Is there a difference between Micro and Macro photography?

Lately on Friday afternoons after my grading is finished (most of the time), I’ve been trying to head out on short photo safaris with my colleague Wilson Hurst and the occasional student. Last week the lighting and weather conditions were great, so we took off to the northeast from campus, about a half-hour drive, to a beautiful reservoir just outside of Concordia—Edwin A. Pape Lake.

The low angle of the sun was creating interesting light patterns throughout the well-manicured wooded park and I found some interesting fungi to do some macro work. I pulled out my trusty Nikkor 55mm f2.8 MICRO lens and proceeded to lie on the ground for the extreme close-ups.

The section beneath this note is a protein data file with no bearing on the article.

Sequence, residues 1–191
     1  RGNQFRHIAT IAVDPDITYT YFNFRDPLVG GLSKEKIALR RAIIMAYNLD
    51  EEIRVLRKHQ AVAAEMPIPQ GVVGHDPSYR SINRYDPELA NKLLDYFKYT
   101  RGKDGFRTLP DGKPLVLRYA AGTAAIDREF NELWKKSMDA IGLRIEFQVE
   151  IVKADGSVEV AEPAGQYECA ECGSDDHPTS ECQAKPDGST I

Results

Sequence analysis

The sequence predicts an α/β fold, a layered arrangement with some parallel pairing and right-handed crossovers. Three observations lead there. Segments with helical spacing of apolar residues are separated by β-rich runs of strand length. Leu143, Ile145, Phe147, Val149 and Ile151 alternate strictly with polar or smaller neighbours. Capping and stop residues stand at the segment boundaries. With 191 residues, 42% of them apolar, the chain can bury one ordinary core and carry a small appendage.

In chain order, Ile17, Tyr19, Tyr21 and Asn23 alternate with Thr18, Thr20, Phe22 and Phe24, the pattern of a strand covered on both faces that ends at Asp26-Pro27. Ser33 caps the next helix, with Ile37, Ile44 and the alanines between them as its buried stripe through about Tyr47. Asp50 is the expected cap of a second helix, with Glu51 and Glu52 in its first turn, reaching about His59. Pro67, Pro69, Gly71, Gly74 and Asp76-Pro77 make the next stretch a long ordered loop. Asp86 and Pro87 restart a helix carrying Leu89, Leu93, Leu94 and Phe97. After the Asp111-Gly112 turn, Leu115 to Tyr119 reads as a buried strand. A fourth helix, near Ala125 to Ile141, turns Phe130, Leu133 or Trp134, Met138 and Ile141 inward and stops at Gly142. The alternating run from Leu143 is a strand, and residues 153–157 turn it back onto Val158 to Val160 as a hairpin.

Sometimes photographers wonder what’s the difference between lenses that have Micro or Macro stamped on their lens barrels. At the university’s photography equipment check-out gage, we have a number of Canon and Nikon lenses, with the former stating MACRO and the latter stating MICRO. Turns out, both verbiage is correct, provided of course the lens is capable of photographing an object at a 1:1 ratio. In other words: life-size.  If the lens isn’t capable of this type of rendering, then you are simply doing close-up shots and not life-size. So what’s the difference between the terms? It’s just marketing ploys between camera manufacturers.

The great thing about these types of lenses is that it allows the photographer to explore intimate, miniature worlds that commingle with our perceived “normal” world of human beings.

© 2010 Terry Ownby

© 2010 Terry Ownby

© 2010 Terry Ownby


  1. Geoff,
    Thanks for checking out my images and your comment on depth of field. I really love the “bokeh” this older Nikon glass can give. I’ve had that Nikkor Micro for nearly 30 years and it works great on my Nikon D700.

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